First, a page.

HARO Survey, Installment 9
In 2014, HARO, the parent organization of Homeschoolers Anonymous, conducted a survey of adult alumni of the modern Christian homeschool movement in consultation with the Coalition for Responsible Home Education (CRHE). The purpose of this survey was to investigate the life experiences of Christian homeschool alumni by collecting information that past surveys of homeschool alumni had not.
Installment 9: Abuse
Installment Nine of the 2014 HARO Survey examines respondents’ reports of child abuse, their feelings about spanking, and their understanding of child protective services.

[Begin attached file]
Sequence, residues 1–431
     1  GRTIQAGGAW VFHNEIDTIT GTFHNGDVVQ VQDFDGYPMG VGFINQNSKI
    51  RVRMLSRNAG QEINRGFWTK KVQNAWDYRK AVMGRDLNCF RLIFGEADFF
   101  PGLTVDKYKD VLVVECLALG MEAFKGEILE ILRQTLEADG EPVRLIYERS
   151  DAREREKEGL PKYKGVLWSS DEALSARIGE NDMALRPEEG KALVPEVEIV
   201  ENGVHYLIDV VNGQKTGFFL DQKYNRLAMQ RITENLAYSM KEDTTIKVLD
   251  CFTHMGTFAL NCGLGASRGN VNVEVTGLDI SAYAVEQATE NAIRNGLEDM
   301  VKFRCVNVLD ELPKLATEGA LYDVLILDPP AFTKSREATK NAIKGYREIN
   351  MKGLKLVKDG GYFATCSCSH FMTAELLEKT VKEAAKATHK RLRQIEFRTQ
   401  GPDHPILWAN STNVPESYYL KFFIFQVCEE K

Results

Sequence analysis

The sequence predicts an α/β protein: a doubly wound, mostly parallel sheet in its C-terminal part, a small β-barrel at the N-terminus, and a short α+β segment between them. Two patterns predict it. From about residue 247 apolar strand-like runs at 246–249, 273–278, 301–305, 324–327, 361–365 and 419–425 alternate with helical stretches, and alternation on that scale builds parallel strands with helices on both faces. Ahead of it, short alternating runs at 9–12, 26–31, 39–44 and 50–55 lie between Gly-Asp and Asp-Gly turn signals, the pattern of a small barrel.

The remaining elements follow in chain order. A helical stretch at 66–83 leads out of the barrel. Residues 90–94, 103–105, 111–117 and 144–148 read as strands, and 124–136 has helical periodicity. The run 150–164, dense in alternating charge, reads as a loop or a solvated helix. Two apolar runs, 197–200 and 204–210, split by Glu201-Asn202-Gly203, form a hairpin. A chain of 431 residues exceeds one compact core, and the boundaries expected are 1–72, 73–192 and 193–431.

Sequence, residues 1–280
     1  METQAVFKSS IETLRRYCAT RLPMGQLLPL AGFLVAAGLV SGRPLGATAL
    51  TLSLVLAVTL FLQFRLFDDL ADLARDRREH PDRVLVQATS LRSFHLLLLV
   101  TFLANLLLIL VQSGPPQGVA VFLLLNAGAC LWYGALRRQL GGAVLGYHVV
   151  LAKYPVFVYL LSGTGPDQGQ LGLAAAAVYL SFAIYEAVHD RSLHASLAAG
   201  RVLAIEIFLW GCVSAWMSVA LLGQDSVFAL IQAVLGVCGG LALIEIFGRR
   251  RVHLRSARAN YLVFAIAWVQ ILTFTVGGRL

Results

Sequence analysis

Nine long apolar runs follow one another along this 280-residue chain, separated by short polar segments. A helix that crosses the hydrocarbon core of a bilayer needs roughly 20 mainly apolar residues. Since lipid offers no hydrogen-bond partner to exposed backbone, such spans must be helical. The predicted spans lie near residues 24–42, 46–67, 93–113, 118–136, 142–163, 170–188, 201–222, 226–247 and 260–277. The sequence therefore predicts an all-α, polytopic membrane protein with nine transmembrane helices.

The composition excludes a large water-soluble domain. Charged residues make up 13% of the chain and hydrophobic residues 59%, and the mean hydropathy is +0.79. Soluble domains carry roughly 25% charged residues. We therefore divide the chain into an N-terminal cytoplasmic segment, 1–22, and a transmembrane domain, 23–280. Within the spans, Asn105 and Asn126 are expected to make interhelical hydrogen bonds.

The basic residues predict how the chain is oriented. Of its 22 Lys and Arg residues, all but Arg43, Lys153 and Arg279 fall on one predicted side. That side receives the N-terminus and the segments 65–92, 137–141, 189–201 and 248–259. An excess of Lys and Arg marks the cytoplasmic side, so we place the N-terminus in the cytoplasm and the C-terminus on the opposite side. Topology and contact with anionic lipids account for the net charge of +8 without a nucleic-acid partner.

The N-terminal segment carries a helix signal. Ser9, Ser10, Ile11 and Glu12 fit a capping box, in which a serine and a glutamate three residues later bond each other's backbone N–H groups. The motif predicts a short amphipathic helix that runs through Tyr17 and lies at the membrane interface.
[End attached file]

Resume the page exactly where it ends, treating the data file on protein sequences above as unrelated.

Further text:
In summary, approximately half of respondents (51%) reported experiencing abuse either within or outside their homeschooling environment, and a further 26% reported knowing another homeschooler who was abused. Within the home, the most common types of abuse reported were emotional/verbal abuse, religious abuse, educational neglect, and physical abuse. Outside of the home, the most common types were religious abuse and emotional/verbal abuse. Among respondents’ homeschooled acquaintances who were abused, the most common types were emotional/verbal abuse and educational neglect. More female respondents reported being abused than males, and only around one-third (35%) of those who reported abuse heard about the survey through the survivor community. With regard to corporal punishment, 44% of respondents reported that their parents used this method of discipline ‘Often’ or ‘Always’; however, only 14% believed corporal punishment was ‘Often’ or ‘Always’ an effective disciplinary method, and only 9% reported that they do or would use corporal punishment to discipline their children ‘Often’ or ‘Always’. Those who were spanked ‘Often’ or ‘Always’ were more likely to consider spanking inherently abusive. Overall, respondents reported that as children they had little knowledge of child protective services and abuse reporting procedures—nearly half experienced fear of child protective services—although more than half believed their caregivers would have been receptive to education in this area.